Start by going through the weekly grocery flyers and making a list of the food and household products you use that are on sale. Keep a master list of food you need as you are about to run out. If you don’t need to replace the item right away, you can wait until it goes on sale again.

Buy the maximum amount of each product the promotion allows, and start stocking your pantry. Use caution when stocking up on perishables. Buying more than you can use before it goes bad may end up being a waste of food and money.  

This strategy works best when you know the lowest prices for your favorite foods.

A price notebook is a great way to track the cost of food at different stores. Over time, you’ll know which stores have the best price for your regular food and paper goods products.

Take Action

Start a price notebook to compare the prices of your family’s favorite foods at different local stores. Then, use the store’s website to look up prices.

Now take a look inside your pantry. Can you plan meals from the sale items and food you already have?

Here are templates to help.

mock up of meal planning templates.

Tip 4: Take Inventory of Your Pantry

Before you stock your pantry with sale items, take an inventory of what you already have in the house. 

When you know the food you already have, you can start thinking about what ingredients you need to make a whole meal. This also helps you avoid buying food you don’t need, which wastes food and money. 

If you have a lot of ingredients on hand, try planning meals to use them up. This helps reduce food waste and save money. Don’t be afraid to experiment with flavor combinations to come up with new meals using the ingredients you already have.

Take Action

Take inventory of your pantry, refrigerator, and freezer. Discard expired food and anything that’s gone bad. You can always donate unopened pantry items your family isn’t going to eat.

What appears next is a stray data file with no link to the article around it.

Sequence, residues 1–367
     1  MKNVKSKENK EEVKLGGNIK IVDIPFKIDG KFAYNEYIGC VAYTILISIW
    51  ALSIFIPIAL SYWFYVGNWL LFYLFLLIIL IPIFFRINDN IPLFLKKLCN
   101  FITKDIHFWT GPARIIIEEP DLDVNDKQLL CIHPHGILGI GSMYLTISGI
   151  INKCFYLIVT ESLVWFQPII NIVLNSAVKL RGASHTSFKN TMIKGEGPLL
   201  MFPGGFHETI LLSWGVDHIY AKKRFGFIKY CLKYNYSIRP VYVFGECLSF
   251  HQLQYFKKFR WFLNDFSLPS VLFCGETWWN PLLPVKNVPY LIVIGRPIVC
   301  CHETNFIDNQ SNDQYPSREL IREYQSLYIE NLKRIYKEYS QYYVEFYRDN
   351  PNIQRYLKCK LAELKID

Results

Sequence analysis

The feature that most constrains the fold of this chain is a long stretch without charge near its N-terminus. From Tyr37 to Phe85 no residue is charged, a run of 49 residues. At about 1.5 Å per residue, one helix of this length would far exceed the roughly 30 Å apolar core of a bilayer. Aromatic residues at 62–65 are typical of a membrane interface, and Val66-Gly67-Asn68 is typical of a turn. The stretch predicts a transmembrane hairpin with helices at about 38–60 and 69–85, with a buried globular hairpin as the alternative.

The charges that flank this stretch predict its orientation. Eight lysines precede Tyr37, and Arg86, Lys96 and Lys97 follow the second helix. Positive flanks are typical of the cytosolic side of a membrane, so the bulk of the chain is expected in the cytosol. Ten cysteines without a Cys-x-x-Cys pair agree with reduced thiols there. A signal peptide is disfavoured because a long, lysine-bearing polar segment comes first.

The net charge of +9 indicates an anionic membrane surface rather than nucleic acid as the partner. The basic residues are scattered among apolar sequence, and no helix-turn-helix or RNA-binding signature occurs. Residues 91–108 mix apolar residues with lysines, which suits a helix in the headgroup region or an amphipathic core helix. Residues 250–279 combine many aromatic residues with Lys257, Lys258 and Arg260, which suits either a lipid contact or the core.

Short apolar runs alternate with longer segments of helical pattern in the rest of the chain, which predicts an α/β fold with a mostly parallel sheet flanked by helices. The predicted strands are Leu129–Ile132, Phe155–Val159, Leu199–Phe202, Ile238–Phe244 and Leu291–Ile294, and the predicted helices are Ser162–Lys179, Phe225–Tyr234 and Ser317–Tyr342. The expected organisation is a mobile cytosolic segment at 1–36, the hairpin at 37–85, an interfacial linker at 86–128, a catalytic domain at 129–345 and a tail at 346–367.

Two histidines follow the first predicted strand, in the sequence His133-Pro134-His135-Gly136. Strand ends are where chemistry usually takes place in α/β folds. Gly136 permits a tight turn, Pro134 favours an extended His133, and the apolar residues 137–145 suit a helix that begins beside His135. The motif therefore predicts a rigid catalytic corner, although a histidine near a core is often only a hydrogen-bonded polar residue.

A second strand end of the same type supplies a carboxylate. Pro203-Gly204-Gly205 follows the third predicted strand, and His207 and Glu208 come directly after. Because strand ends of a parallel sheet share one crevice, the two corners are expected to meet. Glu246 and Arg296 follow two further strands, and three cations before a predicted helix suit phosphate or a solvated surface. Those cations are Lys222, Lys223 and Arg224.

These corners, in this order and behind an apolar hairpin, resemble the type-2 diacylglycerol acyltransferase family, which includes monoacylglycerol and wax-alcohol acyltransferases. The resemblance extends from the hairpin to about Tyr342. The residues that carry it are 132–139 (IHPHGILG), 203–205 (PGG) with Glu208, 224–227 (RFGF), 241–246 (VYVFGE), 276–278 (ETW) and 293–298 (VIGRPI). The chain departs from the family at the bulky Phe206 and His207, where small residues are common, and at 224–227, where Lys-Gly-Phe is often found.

Can you make any meals using just the foods in your pantry?

Tip 5: Make Time for Meal Prep

By preparing your meals ahead of time, you’ll avoid the temptation to order takeout or go out to a restaurant.

There’s no one right way to meal prep. Find the best way that works for your schedule and style of cooking. Some people prep their meals for the week or even the month in one day.

Or, you can “piggyback” your meal prep by doing a little each day to prepare for the next meal. For example, you can chop vegetables and fruits, pre-cook grains and proteins, and wash and dry greens when you have extra time.

Take Action

Try a meal prep method that’s doable with your schedule and cooking ability. Try once-a-week prep and see if that method fits with your lifestyle.

What can you wash, chop or cook to prep for this week’s meals?

Tip 6: Get the Tools

You’ll need essential kitchen tools such as a good knife, a cutting board, measuring cups and spoons, and storage containers. A food processor and slow cooker are also handy when you do a lot of cooking.

Take Action

Clean out your gadget drawer and cabinets and make a list of items you need for meal prep, batch cooking and reheating leftovers.